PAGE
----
Audio-Assisted Reading Access For Students With Print Disabilities
Recorded books have been used for many years by individuals with visual impairments as an efficient way to read quantities of material when Braille was not available. They have also been used by people whose reading skills were not well-developed for a variety of reasons. It was often considered a poor substitute for "real reading." In recent years, the use of recorded books has expanded to additional populations: those with reading disabilities, as well as those with traumatic brain injury, (loosely defined to include survivors of strokes). Clear evidence of this expansion is found in the recent change of the organizational name of "Recording for the Blind" to "Recording for the Blind and Dyslexic." (See "Hitting the Books: Accessible Textbooks for K-12 Math and Science Education in this issue.)
There are many individuals whose reading deficits can not be explained by vision loss alone. Some of the have traumatic brain injury and some have a variety of learning disabilities.
Audio-Assisted Reading is a method of using recorded books along with the corresponding book in regular print, large print, video-magnified print, or Braille. This method allows the reader to use all multiple sensory inputs simultaneously to acquire and process information. It has some distinct advantages over using either print, Braille, or recorded books alone:
- Simultaneous use helps those with attention problems screen out competing stimuli. Some people who use recordings alone are distracted by visual stimuli in the environment. Some who use print or Braille alone are distracted by extraneous sound. Use of headphones can boost attention.
- If print or Braille decoding is slow and labored, it consumes all the energy needed for comprehension. By the time one gets to the end of the sentence, one may have forgotten what the beginning was about. Paragraph comprehension may require repeated re-reading. The pace and inflection of narration provides efficient decoding and comprehension.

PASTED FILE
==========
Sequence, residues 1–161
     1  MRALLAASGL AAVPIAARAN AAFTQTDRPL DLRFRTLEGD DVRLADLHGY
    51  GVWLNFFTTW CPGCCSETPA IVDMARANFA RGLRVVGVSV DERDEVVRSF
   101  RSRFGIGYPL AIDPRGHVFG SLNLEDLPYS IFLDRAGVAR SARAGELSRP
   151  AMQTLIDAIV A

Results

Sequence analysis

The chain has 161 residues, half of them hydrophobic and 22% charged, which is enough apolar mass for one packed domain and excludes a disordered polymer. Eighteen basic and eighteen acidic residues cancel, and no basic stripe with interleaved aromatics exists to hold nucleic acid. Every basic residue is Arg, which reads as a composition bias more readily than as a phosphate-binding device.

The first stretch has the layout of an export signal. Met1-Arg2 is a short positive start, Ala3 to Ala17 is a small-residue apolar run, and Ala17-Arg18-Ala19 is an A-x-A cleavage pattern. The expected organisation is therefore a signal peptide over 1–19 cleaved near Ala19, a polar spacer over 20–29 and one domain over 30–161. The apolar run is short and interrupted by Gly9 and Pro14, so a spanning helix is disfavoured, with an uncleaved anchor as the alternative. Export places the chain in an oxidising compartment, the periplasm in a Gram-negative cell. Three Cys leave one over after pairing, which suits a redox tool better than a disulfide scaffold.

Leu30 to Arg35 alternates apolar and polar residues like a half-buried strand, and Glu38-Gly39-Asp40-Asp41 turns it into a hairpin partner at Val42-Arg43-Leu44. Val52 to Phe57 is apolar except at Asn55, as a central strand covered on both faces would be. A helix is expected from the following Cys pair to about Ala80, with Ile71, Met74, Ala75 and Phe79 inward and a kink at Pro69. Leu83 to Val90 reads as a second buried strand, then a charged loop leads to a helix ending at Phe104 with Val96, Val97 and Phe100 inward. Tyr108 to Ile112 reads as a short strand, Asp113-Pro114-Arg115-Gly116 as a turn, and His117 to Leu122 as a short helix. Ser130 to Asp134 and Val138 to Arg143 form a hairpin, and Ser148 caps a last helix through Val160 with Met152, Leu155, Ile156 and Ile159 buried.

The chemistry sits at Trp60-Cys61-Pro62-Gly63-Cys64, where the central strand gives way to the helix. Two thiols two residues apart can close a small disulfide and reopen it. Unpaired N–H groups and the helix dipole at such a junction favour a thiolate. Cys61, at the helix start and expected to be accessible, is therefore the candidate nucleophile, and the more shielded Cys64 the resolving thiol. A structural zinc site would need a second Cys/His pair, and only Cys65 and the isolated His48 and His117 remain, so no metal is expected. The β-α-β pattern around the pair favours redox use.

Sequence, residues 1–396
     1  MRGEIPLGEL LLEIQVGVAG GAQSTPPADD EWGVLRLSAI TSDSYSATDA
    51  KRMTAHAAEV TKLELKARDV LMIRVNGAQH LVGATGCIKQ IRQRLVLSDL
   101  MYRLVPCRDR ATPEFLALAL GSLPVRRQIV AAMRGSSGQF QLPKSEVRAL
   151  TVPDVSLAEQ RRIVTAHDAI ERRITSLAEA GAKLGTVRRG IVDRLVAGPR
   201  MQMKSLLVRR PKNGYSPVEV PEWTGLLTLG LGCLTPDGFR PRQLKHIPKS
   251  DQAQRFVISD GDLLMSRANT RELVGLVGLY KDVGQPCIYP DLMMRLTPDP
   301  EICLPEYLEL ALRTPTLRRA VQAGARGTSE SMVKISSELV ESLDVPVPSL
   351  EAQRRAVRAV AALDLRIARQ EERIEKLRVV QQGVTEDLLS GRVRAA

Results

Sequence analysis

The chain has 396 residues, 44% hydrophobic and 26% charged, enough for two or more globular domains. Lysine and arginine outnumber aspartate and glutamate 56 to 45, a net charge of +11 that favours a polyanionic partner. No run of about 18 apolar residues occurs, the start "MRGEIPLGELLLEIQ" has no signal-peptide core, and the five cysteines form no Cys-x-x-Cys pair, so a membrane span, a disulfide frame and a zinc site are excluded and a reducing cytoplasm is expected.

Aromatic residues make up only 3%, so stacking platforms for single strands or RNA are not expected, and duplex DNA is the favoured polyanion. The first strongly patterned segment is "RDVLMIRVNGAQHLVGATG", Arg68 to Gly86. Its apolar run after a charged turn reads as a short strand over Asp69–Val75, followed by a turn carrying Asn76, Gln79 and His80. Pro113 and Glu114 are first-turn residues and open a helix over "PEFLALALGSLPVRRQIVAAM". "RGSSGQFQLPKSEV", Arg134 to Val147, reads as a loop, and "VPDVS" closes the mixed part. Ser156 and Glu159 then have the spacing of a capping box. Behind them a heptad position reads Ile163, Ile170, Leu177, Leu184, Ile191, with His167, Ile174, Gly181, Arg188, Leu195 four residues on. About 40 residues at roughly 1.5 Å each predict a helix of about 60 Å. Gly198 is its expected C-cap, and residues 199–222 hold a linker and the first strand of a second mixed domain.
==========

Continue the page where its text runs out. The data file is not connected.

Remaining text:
- When reading textbooks, references to visual materials (illustrations, charts, graphs, maps, etc.) are made by the narrator. If the reader is following along in the print book, he or she is able to get much valuable information from examination of the illustrations. When the verbal description ends, the reader is cued by the narrator to "return to text."
- Young children who are having difficulty learning the relationship between sounds and symbols, but who nevertheless enjoy listening to stories, can be encouraged to discover these relationships by using recorded storybooks (available in packages along with the corresponding print books at any public library). Recording for the Blind and Dyslexic is producing early reading series materials for this purpose.
- Intermediate grade children who have reading deficits and are served by resources for attempted remediation may be included in regular classrooms for reading by use of recorded novels available from the State Library for the Blind and Physically Disabled. The State Libraries are divisions of the Library of Congress, and virtually all of classical and modern literature, is available free to qualifying individuals from this resource.
- Compensatory use of recorded books has sometimes resulted in remedial effects when all other efforts at remediation have failed. One mother told me that her son was four years below grade level in reading when he started using tapes along with books. After two years of using this method, and no other attempts at remediation, he was retested and found to be only two years below grade level. By the time he graduated from high school he was able to read on grade level. Recording for the Blind and Dyslexic has received a number of letters attesting to similar personal experiences.